Jeffrey Siegel spoke and performed at Kings Place, bringing Chopin’s music alive with his anecdotes, analysis and interpretation. The second of his three-part series of ‘Keyboard Conversations’ are wonderfully designed to enhance the listener’s experience of the music, making it more focused and accessible.
‘Cat’ Waltz, op. 34 no. 3
Siegel told the charming (and as he admitted, most likely wholly untrue story!) of how Chopin’s lover George Sand’s cat used to hop around on Chopin’s keyboard. Sand claimed that even her cat could compose music…the ‘Cat’ waltz below was Chopin’s answer to her challenge…
Polonaise Op. 44, F Sharp minor – ‘Tragic’
This ‘Tragic’ Polonaise has another side to the victory traditionally depicted in Chopin’s polonaises. Quiet military tropes can be heard with a pianistic snare-drum left hand at 3′ 06” and the bugle call in the right-hand at 3′ 14”. Whilst the work diminuendos and almost peters out into defeat at the end, this is a resilient, victorious defeat as Siegel commented, with the final, powerful and resolute tonic chord ending the work.
Berceuse op. 57, D flat major
In this Berceuse, Chopin sets himself the compositional task of only composing with two chords – the tonic and dominant 7th – and a single melodic line. The baseline rocks between the two chords in each bar and is almost identical throughout the whole piece, with only a few bars towards the end with extended tonic and dominant chords. The melody, turning in on itself, develops like a set of variations, unravelling from the original presentation, gliding on top on the rocking chordal base.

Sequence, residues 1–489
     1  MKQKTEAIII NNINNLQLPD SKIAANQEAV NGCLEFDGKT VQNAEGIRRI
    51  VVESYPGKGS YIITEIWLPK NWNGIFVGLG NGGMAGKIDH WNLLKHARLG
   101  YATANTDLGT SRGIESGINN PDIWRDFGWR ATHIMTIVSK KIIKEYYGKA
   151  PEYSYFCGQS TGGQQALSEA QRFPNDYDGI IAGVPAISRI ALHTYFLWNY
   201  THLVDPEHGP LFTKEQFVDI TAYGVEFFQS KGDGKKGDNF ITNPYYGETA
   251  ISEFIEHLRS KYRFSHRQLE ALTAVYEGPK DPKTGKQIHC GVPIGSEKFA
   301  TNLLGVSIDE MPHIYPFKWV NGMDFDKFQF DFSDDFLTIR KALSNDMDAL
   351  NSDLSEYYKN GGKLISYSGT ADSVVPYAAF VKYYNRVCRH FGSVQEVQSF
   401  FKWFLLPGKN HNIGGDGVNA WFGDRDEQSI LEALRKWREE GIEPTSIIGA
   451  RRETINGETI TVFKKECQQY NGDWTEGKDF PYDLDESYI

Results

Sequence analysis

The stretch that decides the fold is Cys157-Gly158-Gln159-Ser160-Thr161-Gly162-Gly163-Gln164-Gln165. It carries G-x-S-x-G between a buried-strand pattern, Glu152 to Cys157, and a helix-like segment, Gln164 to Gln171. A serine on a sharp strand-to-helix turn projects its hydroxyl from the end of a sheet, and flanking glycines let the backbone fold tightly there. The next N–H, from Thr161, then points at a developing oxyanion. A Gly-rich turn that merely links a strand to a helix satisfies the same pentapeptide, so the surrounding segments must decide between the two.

Fantastie Impromptu, C sharp minor
Whilst one of his best-known works, Chopin never wanted this piece published – he kept it in his portfolio of works that he never sent to his publishers. On his deathbed, he told his sister of this portfolio, and made her promise that she would burn its contents. When looking through the works and realising the quality of the composition, she was left with a dilemma which she only resolved ten years later when she decided she could not fully carry out Chopin’s request, and had the work published. For two theories of why Chopin did not want the work published, you will have to ask Siegel himself at his next performance at Kings Place on 1 June 2014!
The middle section with the famous lyrical, cantabile melody (1′ 03” in the video above) was turned into a song itself, famously sung by Judy Garland ‘I’m Away Chasing Rainbows’.
Polonaise op. 53, A flat major – ‘Heroic’
The main, heroic theme of this polonaise which comes in at 19” in the video below, is all the more powerful and striking as it rises from the chaos of the work’s opening.
Below is a preview of Jeffrey Siegel’s Mistresses and Masterpieces programme at Kings Place June 1 2014, focusing on music inspired by ‘significant others’.